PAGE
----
R-La., also wants to talk to Wendy Gramm. Tauzin requested the interview
with Wendy Gramm by name in a Dec. 10 letter to Enron.
The spectacular financial collapse of Houston-based Enron has drawn broad
scrutiny from a host of federal agencies and congressional committees.
On Wednesday, it was revealed that the Justice Department had opened a
criminal investigation into the Enron matter.
On Thursday both U.S. Attorney General John Ashcroft in Washington and
U.S. Attorney Michael T. Shelby in Houston recused themselves from the
investigation. Selby's office announced that he and several other attorneys
had relatives who were employed by Enron.
Ashcroft received a $25,000 contribution from Enron during his run for
re-election to the Senate from Missouri and in an unsuccessful attempt
to win the Republican presidential nomination.
The Securities and Exchange Commission also has opened a probe into whether
Enron officers were capitalizing on their knowledge of the firm's financial
condition when they sold millions of dollars in stock prior to its nosedive.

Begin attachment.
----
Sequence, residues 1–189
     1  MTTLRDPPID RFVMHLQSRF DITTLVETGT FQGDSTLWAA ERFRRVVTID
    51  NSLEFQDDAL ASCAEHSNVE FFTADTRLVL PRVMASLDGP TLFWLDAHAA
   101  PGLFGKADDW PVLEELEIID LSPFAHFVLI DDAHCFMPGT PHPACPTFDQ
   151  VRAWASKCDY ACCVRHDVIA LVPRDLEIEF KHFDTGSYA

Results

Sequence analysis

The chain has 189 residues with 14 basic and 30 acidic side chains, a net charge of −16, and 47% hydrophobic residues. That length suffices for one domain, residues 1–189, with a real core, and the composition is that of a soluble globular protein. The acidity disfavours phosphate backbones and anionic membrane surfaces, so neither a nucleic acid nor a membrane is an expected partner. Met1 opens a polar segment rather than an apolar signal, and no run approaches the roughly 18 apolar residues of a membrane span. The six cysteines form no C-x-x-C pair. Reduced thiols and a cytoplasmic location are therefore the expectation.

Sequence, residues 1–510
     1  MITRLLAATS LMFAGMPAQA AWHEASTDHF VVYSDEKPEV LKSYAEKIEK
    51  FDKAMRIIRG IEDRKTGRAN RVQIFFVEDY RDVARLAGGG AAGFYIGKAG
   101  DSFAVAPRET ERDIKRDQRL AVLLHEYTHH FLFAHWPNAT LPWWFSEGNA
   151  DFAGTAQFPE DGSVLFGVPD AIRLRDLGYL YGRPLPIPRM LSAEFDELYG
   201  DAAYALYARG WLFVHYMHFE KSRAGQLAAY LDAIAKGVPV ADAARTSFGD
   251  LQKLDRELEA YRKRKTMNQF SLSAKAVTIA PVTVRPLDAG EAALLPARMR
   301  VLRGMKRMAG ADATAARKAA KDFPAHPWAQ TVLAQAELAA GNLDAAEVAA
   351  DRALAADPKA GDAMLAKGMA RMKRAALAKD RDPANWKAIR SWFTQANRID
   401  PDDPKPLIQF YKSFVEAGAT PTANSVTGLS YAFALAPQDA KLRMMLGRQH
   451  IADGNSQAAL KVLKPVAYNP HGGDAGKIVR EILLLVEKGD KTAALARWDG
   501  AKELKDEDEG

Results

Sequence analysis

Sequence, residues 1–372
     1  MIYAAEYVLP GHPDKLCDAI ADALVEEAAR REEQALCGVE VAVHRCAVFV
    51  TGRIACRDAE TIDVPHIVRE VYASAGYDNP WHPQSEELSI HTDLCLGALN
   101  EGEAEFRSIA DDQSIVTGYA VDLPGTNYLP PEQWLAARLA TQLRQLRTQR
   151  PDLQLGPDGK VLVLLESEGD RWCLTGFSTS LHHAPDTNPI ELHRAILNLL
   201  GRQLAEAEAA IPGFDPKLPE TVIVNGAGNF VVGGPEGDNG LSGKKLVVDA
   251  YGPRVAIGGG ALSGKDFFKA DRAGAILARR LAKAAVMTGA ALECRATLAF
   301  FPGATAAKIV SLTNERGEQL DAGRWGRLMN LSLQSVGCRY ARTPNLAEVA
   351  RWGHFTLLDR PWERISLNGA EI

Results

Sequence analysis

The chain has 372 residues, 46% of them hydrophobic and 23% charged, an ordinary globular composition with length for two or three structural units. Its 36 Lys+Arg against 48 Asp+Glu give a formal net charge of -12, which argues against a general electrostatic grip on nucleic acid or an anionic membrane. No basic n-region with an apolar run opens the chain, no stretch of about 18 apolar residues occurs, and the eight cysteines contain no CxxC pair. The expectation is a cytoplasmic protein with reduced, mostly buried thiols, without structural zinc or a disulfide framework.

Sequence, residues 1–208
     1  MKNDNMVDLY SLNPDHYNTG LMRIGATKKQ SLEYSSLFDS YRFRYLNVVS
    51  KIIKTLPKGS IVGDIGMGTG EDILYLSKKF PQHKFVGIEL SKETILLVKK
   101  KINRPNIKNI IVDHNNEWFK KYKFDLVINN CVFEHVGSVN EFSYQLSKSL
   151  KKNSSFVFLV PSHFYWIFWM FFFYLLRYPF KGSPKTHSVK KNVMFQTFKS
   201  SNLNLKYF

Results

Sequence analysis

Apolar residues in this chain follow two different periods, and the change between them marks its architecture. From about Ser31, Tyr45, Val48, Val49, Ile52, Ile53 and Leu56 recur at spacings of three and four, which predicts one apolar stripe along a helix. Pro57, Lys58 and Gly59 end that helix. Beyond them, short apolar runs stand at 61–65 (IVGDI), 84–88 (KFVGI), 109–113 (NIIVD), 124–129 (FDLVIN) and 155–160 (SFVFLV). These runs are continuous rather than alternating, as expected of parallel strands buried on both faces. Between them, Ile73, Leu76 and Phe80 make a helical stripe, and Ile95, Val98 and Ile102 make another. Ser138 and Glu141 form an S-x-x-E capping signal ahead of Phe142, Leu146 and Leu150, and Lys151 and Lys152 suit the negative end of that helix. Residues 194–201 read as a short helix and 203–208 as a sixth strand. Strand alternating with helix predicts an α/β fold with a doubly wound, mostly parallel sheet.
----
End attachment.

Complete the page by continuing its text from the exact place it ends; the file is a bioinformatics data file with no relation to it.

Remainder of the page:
The agency also wants to determine whether Enron financial claims to investors
were misleading and whether Arthur Andersen's audit of those statements
The House Energy and Commerce Committee led by Tauzin and Ranking Minority
Member John Dingell, D-Mich., Friday announced that it was demanding a
host of financial records -- including some that Arthur Anderson says were
destroyed -- as well as interviews with Enron's financial oversight officials.
That request covers 43 areas of Enron's finances and corporate behavior
including all earnings-related documents and memos, details about the finances
and discussions related to several outside investment vehicles operated
outside the company's normal procedures.